This is a weird one, but in the nervy surreal way that word-playful novels like "A Clockwork Orange" or "Ulysses" are weird. The main character, a teenage schoolboy named Scarper Lee, lives in a world where it rains knives and people make their own parents, contraptions that can be anything from a tiny figurine stashable in a pocket to biomorphic boiler-like entities that seem to have escaped from Dr. Seuss' nightmares. Their homes are crammed with gadgets they call gods and instead of TV they watch a hulu-hoop-size wheel of repeating images that changes with the day of the week. They also know their own "death day," and Scarper's is coming up fast. Maybe that's why he runs off with the new girl at school, a real troublemaker, and the obscurely dysfunctional Castro, whose mother is a cageful of talking parakeets. A solid towline of teenage angst holds this manically inventive vision together, and proves that some graphic novels can rival the text-only kind at their own game.

    Ten spectacular graphic novels from 2014

    NOBROW 9: It's Oh So Quiet
    For each issue, the anthology magazine put out by this adventurous U.K.-based publisher of independent graphic design, illustration and comics gives 45 artists a four-color palette and a theme. In the ninth issue, the theme is silence, and the results are magnificent and full of surprises. The comics, each told in images only, range from atmospheric to trippy to jokey to melancholy to epic to creepy. But the two-page illustrations are even more powerful, even if it's not always easy to see how they pertain to the overall concept of silence. Well, except perhaps for the fact that so many of them left me utterly dumbstruck with visual delight.

    Ten spectacular graphic novels from 2014

    Over Easy by Mimi Pond
    When Pond was a broke art student in the 1970s, she took a job at a neighborhood breakfast spot in Oakland, a place with good food, splendid coffee and an endlessly entertaining crew of short-order cooks, waitresses, dishwashers and regular customers. This graphic memoir, influenced by the work of Pond's friend, Alison Bechdel, captures the funky ethos of the time, when hippies, punks and disco aficionados mingled in a Bay Area at the height of its eccentricity. The staff of the Imperial Cafe were forever swapping wisecracks and hopping in and out of each other's beds, which makes them more or less like every restaurant team in history. There's an intoxicating esprit de corps to a well-run everyday joint like the Imperial Cafe, and never has the delight in being part of it been more winningly portrayed.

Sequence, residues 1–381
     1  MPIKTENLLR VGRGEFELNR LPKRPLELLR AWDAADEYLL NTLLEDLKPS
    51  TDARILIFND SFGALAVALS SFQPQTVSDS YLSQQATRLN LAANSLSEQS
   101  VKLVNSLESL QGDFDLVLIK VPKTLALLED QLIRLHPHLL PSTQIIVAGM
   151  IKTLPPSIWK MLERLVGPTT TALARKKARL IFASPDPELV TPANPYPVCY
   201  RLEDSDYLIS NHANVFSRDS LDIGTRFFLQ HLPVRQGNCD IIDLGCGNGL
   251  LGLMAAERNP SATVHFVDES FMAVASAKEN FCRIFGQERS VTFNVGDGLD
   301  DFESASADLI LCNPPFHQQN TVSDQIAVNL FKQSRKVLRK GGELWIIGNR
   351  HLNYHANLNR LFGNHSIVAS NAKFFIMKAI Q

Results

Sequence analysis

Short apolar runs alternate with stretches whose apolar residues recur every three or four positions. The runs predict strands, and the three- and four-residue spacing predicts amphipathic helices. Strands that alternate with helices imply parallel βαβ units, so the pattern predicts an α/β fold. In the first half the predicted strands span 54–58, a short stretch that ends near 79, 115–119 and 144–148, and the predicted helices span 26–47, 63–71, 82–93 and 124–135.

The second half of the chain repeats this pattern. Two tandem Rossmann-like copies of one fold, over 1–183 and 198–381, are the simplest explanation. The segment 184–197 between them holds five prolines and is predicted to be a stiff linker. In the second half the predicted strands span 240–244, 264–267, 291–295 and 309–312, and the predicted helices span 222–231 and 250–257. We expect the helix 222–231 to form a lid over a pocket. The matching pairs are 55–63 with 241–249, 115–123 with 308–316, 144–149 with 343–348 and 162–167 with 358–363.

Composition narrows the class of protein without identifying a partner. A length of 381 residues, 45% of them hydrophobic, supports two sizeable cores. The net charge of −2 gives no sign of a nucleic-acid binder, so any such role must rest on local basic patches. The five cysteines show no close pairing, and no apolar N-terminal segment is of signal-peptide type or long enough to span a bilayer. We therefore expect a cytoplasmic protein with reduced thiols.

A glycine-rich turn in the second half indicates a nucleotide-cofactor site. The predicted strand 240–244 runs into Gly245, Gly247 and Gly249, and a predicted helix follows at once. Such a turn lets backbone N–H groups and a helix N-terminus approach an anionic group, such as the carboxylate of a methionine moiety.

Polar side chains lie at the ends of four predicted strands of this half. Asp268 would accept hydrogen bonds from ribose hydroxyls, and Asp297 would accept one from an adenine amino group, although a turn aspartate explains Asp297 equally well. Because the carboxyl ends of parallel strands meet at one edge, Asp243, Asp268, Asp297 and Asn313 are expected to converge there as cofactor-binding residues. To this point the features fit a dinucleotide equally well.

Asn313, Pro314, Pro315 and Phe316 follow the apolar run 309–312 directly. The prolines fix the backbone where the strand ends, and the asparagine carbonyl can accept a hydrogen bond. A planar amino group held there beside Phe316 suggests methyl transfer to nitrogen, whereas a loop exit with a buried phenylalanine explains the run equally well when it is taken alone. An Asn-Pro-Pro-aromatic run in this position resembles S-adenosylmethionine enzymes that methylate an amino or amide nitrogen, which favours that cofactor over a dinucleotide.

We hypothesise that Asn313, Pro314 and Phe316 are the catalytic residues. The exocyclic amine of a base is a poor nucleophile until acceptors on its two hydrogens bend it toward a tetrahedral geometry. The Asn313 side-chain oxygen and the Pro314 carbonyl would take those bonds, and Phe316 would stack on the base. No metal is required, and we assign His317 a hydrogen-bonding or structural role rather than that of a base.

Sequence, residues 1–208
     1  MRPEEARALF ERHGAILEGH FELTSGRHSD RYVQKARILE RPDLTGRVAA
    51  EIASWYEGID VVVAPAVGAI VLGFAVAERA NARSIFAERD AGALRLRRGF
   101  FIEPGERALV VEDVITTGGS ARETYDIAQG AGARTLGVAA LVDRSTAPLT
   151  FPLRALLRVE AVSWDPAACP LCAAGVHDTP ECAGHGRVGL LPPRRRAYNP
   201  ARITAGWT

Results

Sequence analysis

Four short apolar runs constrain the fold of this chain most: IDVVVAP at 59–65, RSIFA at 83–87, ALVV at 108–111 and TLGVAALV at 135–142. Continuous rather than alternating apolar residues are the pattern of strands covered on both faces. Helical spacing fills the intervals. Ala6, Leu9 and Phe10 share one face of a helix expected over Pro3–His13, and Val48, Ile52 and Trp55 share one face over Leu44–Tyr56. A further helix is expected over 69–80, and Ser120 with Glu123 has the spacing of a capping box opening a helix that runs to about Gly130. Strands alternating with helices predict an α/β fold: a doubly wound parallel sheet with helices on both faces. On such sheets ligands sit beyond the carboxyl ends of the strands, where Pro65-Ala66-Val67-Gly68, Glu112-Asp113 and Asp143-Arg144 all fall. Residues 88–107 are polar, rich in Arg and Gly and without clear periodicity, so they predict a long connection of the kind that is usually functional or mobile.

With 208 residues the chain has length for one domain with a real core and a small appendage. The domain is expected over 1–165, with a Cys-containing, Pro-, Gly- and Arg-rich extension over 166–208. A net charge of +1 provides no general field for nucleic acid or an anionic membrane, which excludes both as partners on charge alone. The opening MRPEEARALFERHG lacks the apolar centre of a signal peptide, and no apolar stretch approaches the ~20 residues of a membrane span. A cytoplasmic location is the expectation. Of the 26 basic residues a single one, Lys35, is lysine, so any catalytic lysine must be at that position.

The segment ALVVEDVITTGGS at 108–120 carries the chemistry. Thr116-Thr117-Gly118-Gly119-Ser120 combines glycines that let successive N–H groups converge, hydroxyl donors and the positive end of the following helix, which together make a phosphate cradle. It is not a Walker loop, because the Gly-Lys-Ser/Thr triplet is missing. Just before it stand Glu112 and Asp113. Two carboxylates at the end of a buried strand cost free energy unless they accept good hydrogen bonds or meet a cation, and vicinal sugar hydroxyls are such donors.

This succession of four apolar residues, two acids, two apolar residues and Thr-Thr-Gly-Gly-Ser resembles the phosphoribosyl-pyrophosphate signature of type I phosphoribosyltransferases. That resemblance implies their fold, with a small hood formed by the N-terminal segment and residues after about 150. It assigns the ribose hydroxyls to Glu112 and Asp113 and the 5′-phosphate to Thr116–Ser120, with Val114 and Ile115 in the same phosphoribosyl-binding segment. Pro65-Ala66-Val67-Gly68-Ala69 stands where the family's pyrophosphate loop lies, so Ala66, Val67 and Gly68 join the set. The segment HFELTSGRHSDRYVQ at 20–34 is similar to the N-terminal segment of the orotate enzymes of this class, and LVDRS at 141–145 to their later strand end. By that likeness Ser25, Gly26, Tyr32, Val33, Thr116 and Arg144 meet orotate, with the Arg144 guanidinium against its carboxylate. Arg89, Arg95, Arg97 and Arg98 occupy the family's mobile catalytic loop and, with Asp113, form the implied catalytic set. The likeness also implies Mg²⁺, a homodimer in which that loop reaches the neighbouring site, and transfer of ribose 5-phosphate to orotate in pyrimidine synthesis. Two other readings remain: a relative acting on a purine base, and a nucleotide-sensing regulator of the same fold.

Ten spectacular graphic novels from 2014

    The Shadow Hero by Gene Luen Yang and Sonny Liew
    You don't have to be a superhero fan to be utterly charmed by Yang and Liew's revival of a little-known character created in the 1940s by the cartoonist Chu Hing. This version of the Green Turtle, however, is rich in characterization, comedy and luscious period detail from the Chinatown of "San Incendio" (a ringer for San Francisco). Hank, son of a mild-mannered grocer, would like to follow in his father's footsteps, but his restless mother (the book's best character and drawn with masterful nuance by Liew) has other ideas after her thrilling encounter with a superhero. Yang's story effortlessly folds pathos into humor without stooping to either slapstick or cheap "darkness." This is that rare tribute that far surpasses the thing it celebrates.

    Ten spectacular graphic novels from 2014

    Shoplifter by Michael Cho
    Corinna Park, former English major, works, unhappily, in a Toronto advertising agency. When the dissatisfaction of the past five years begins to oppress her, she lets off steam by pilfering magazines from a local convenience store. Cho's moody character study is as much about city life as it is about Corinna. He depicts her falling asleep in front of the TV in her condo, brooding on the subway, roaming the crowded streets after a budding romance goes awry. Like a great short story, this is a simple tale of a young woman figuring out how to get her life back, but if feels as if it contains so much of contemporary existence -- its comforts, its loneliness, its self-deceptions -- suspended in wintery amber.

    Ten spectacular graphic novels from 2014

    Through the Woods by Emily Carroll
    This collection of archetypal horror, fairy and ghost stories, all about young girls, comes lushly decked in Carroll's inky black, snowy white and blood-scarlet art. A young bride hears her predecessor's bones singing from under the floorboards, two friends make the mistake of pretending to summon the spirits of the dead, a family of orphaned siblings disappears one by one into the winter nights. Carroll's color-saturated images can be jagged, ornate and gruesome, but she also knows how to chill with absence, shadows and a single staring eye. Literary readers who cherish the work of Kelly Link or the late Angela Carter's collection, "The Bloody Chamber," will adore the violent beauty on these pages.

  • Recent Slide Shows

Comments

0 Comments

Comment Preview

Your name will appear as username ( settings | log out )

You may use these HTML tags and attributes: <a href=""> <b> <em> <strong> <i> <blockquote>